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decided: April 21, 1971.


Appeal from the order of the Court of Common Pleas of Carbon County, No. 22 September Term, 1962, in case of Ellen Young, Widow of Russell A. Young, deceased v. Commonwealth of Pennsylvania, State Police.


Roy N. LaRocca, Special Assistant Attorney General, with him Thomas E. Roberts, Assistant Attorney General, Raymond Kleiman, Deputy Attorney General, and J. Shane Creamer, Attorney General, for appellant.

Louis G. Feldmann, with him Thomas L. Kennedy, and Feldmann & Ciotola, for appellee.

Judges Kramer, Wilkinson, Jr., and Rogers, sitting as a panel of three. Opinion by Judge Kramer.

Author: Kramer

[ 2 Pa. Commw. Page 424]

This is an appeal from an Order of the Court of Common Pleas of Carbon County dated October 9, 1970, sustaining the appeal of Ellen Young (appellee) and vacating the order of the Workmen's Compensation Board (Board) dated June 6, 1962, which had dismissed the fatal injury claim of appellee arising from the death of her husband, Russell A. Young.

The facts giving rise to the claim were that appellee's husband, an officer in the Pennsylvania State Police with about 12 years of service, died on May 18, 1957, at about 7:30 p.m., of a coronary occlusion resulting from a coronary heart disease brought on by diabetes mellitus as aggravated by the activities which the decedent performed during the day of his death. Decedent had a history of diabetes over a 17-year period and received an injection of insulin daily.

For many years prior to his death the decedent's duties consisted primarily of inspecting garages with only incidental police work, in the usual sense, which the decedent might encounter driving to and from his primary duty. Also included in his regular duties was the performance of general fatigue duties which involved cleaning and maintenance at the State Police Barracks in Lehighton every Saturday. The record discloses a description of these general fatigue duties as cleaning floors, dusting and polishing furniture, and other general housecleaning which entailed the physical moving of desks and chairs and filing cabinets weighing between two and three hundred pounds each. On the day in question, May 18, 1957, the decedent was instructed by his superior officer to include in his general housecleaning duties the job of cleaning the inside and outside windows of the barracks. The record discloses that the cleaning of windows on this date in question was the first time that the windows had been cleaned by decedent that spring. The record discloses

[ 2 Pa. Commw. Page 425]

    that in cleaning the windows the decedent would have had to move, ascend and descend from a ladder because the windows in size and position ranged from about four feet from the ground to a height of about 11 feet from the ground. The decedent on the day in question worked from 8:00 a.m. until 5:00 p.m., with a break for lunch. The record discloses that during the day witnesses observed the decedent to be of a pale complexion and complaining of not feeling "so hot".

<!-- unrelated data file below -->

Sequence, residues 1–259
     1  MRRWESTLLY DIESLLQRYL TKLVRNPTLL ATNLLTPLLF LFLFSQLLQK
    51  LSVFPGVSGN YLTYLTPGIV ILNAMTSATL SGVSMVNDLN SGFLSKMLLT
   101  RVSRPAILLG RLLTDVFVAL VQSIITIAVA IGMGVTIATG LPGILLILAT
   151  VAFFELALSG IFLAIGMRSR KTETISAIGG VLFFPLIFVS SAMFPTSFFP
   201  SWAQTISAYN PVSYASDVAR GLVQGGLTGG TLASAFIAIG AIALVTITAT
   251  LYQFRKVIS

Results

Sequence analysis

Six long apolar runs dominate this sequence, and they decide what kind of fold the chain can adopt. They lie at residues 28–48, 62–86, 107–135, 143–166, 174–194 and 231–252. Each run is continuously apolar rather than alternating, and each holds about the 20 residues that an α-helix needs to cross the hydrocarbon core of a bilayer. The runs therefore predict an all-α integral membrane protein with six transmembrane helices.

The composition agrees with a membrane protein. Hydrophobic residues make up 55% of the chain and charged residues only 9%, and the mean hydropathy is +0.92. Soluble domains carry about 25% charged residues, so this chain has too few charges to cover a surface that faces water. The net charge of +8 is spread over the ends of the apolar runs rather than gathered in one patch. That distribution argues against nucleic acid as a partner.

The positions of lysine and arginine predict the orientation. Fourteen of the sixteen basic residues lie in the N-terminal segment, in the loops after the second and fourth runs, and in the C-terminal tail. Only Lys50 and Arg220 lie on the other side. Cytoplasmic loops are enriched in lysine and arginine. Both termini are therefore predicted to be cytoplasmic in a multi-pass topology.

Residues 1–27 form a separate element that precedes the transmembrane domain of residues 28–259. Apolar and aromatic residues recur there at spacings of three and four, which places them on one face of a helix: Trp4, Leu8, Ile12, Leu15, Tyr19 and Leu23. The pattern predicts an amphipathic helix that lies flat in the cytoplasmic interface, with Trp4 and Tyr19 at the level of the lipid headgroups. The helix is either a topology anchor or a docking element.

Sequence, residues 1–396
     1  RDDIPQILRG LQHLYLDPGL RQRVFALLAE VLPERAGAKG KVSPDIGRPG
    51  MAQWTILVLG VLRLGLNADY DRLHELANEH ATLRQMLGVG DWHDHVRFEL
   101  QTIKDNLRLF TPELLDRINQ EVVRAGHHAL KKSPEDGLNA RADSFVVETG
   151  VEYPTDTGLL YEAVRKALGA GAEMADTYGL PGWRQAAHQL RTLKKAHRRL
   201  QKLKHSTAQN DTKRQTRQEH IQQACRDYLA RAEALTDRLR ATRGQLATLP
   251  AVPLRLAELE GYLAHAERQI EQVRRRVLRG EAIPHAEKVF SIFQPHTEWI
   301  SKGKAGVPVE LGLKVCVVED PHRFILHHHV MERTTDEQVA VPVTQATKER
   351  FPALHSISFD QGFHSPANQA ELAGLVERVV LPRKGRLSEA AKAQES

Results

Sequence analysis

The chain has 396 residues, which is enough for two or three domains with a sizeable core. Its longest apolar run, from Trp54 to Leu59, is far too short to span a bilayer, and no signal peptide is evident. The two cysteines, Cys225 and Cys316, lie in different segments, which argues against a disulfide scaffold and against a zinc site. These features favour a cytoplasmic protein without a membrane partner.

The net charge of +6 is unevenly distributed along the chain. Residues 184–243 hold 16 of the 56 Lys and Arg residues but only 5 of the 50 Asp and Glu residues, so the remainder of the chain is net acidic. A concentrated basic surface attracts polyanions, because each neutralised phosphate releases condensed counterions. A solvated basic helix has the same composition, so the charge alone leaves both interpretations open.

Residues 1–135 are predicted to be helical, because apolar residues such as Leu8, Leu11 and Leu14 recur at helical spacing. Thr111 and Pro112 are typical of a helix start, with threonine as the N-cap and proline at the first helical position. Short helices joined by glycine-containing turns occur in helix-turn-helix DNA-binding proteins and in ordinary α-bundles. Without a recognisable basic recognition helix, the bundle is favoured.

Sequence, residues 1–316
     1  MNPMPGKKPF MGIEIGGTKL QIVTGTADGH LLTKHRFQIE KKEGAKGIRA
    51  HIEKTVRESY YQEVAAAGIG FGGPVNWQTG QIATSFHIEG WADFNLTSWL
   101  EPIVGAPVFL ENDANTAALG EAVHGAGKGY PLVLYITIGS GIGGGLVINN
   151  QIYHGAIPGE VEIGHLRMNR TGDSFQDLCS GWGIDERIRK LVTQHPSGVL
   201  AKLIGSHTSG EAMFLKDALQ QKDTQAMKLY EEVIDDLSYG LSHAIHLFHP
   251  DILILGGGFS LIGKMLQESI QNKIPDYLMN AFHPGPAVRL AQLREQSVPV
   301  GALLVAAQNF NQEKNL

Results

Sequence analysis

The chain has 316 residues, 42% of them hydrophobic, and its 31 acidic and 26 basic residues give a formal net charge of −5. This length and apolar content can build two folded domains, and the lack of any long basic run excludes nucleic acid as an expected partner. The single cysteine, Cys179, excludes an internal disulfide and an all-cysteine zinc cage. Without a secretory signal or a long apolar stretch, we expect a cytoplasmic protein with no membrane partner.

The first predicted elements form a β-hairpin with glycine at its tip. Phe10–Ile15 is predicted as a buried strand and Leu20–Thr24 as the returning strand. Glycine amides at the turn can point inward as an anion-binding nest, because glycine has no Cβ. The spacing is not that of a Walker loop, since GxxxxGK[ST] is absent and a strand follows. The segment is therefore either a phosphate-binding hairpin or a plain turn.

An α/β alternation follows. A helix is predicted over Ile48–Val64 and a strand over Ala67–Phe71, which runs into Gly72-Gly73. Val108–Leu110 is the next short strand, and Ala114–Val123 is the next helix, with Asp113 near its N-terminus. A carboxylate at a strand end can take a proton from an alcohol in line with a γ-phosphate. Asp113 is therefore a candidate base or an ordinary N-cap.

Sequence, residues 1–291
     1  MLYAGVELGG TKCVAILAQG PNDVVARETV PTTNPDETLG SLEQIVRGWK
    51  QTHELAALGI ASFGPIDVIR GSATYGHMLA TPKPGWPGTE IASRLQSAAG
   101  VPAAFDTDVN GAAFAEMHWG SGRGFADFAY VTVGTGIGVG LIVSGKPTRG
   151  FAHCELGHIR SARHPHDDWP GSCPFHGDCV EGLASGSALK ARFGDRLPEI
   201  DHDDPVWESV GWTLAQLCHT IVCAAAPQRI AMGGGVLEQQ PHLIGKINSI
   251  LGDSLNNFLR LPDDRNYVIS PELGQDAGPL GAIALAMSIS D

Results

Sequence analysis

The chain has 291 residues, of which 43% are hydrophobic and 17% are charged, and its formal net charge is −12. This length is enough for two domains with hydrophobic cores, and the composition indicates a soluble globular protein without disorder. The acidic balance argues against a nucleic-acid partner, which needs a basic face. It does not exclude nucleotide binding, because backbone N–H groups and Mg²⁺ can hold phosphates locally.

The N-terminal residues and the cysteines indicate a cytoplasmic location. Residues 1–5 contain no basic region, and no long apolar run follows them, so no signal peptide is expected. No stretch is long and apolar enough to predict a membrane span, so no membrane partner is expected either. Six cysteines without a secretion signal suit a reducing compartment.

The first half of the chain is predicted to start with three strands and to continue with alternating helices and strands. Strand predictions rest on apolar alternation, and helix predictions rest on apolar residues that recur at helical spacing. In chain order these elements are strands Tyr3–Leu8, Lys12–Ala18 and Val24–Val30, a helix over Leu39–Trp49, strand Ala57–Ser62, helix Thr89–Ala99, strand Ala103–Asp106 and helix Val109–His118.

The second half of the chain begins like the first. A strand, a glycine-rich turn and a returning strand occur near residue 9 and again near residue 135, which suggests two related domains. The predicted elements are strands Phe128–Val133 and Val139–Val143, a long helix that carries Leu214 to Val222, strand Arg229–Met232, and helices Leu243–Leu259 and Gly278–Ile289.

Following his tour of duty that day, the decedent met with two other men, and the three of them proceeded to drive two trucks filled with shale to a summer cottage of the decedent. At the cottage the decedent raked and pushed shale from one truck and raked shale which had been dumped from the other truck onto the road leading to the cottage. During the course of this road shale project, in which appellee also assisted in raking, decedent, in looking for a large rock to fill a hole in the road, bent over to pick up a large rock. Before he could lift the rock, he straightened up, then collapsed and fell to the ground. One of the men attempted to obtain the services of a doctor, who could not come to the scene, and the men placed the decedent in a station wagon and took him to a physician, where he was pronounced dead, at 7:30 p.m., May 18, 1957.

Appellee filed her fatal injury claim petition on July 12, 1957. Hearings were held in 1961. On October 5, 1961, the Referee made an award to the appellee on the basis that death of decedent was caused by an accident within the meaning of the Workmen's Compensation Act. On appeal, the Board vacated two of the Referee's findings of fact and one conclusion of law. The import of the Board's adjudication was a determination that decedent died as a result of a coronary occlusion from activities engaged in on the date of death, but not constituting an over-exertion or accident within the meaning of the Act. On June 6, 1962, the

[ 2 Pa. Commw. Page 426]

Board issued its adjudication reversing the Referee, as stated above. On July 10, 1962, an appeal was taken to the Court of Common Pleas of Carbon County, which sustained the widow's appeal, vacated the Board's Order, and in effect reinstated the award of the Referee.

There is absolutely no explanation anywhere in the record of this case why the Court of Common Pleas of Carbon County did not act on this appeal until October 9, 1970, more than eight years after the appeal had been filed. This kind of delay is inexcusable, especially in view of Section 427 of the Act (Act of June 2, 1915, P.L. 736, 77 P.S. 902) wherein there is a legislative mandate to the effect that "Any appeal from the action of the board to a court of common pleas or the county court of Allegheny County, as the case may be and from it to the Superior Court shall take precedence over all other civil actions." Delays such as we find in this case are not fair to anyone and place the entire judicial system in an unfavorable light.